Joaquin Martinez, a Warrior in Film and TV Westerns, Dies at 81
A native of Mexico, he played Indians in the ‘70s films “Jeremiah Johnson” and “Ulzana’s Raid,” two highlights in a 40-year career as a character actor.
Joaquin Martinez, a veteran actor best known for his performance as the Indian character Paints His Shirt Red in Sydney Pollack’s 1972 film Jeremiah Johnson, died Jan. 3 after a brief struggle with pancreatic cancer at his home in Everdingen, the Netherlands. He was 81.
A native of Cozumel, Mexico, Martinez also played the Apache leader in Ulzana’s Raid (1972), which also starred Burt Lancaster. In its portrayal of the violent reaction by Apaches in the face of the destruction of their culture by European expansion of the North American West, Robert Aldrich’s film was seen as a revisionist tale that was commenting on the Vietnam War as well.
During his 40-year career, Martinez also worked with Bill Cosby on The Bill Cosby Show and appeared in such TV Westerns as The High Chaparral, Bonanza, Gunsmoke and Alias Smith & Jones; the telefilms Ishi: The Last of His Tribe and Stones for Ibarra; the miniseries How the West Was Won; and the crime series Quincy, M.E.
His other film credits include The House of the Spirits (1993), directed by Bille August, and Tony Scott’s Revenge (1990), in which he appeared alongside fellow Mexico native Anthony Quinn, fulfilling a lifelong goal.
In 2002, director Lee Tamahori cast Martinez in the James Bond film Die Another Day, based on his admiration for Martinez’ performance in Ulzana’s Raid. His last film role was in the Netherlands-based thriller Castingx (2005); he semi-retired to Europe about nine years ago.
In Jeremiah Johnson, set in the West soon after the Mexican War, Martinez’s character has run-ins with Robert Redford’s mountain-man character throughout the film, but the two make peace in an emotional, wordless encounter in the final scene.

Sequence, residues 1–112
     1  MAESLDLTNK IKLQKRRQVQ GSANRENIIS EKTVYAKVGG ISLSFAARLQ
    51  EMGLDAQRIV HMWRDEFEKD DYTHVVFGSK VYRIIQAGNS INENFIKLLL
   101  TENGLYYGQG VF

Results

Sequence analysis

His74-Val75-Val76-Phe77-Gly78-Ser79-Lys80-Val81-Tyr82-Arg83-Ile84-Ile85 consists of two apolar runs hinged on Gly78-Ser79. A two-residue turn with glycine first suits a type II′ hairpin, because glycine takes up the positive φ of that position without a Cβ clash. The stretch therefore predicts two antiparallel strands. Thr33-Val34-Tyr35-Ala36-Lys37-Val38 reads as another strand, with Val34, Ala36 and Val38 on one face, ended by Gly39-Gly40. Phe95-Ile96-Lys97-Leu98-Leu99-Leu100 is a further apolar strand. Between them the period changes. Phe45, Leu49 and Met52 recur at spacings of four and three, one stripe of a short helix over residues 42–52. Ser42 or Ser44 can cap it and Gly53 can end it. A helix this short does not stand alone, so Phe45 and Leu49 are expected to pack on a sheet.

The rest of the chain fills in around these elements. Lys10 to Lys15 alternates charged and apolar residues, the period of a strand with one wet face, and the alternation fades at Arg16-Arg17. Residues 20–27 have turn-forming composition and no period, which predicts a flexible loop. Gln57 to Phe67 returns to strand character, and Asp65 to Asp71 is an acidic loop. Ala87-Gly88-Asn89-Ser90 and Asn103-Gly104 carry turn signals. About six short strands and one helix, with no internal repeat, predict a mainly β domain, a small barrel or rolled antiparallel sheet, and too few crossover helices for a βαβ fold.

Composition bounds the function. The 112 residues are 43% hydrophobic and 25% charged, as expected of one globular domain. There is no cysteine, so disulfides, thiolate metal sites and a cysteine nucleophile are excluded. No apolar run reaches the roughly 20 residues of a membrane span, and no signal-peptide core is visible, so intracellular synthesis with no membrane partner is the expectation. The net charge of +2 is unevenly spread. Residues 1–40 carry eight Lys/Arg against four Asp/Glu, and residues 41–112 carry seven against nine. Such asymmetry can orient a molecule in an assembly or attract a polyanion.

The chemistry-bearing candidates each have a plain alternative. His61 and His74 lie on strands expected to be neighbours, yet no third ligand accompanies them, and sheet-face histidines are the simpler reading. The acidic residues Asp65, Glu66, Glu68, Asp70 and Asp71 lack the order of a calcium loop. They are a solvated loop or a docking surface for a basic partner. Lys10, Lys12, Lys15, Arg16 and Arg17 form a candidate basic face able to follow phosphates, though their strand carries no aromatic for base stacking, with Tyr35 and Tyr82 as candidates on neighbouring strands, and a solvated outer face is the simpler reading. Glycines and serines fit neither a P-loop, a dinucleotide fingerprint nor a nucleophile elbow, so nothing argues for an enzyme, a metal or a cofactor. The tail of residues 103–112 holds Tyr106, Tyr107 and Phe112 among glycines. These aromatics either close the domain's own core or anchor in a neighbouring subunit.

His son, Christopher, said his father worked his entire career to break apart the stereotypical roles often offered to Latino actors in Hollywood by adding to and reworking them, though it was a constant struggle.
Joaquin Martinez, born Nov. 5, 1930, in Cozumel, Mexico, studied method acting with renowned teacher Seki Sano and came to prominence in Pedro Paramo, a Mexican drama that premiered in 1967 at the Cannes Film Festival. Shortly thereafter, he moved to Hollywood.
On stage, Martinez was an original cast member of the musical drama Zoot Suit, written by Luis Valdez, which shattered live-theater box-office records when it premiered in Los Angeles in July 1978. A decade later, he appeared with Christopher Reeve and Christine Lahti in Tennessee Williams’ Summer and Smoke at the Ahmanson.
In addition to his son, survivors include his wife Marja Valkestijn, daughter Jennifer, stepson Sjoerd and former wife Mary Preston. The family asks that any contributions be made in his memory to the children’s literacy program at SAG.
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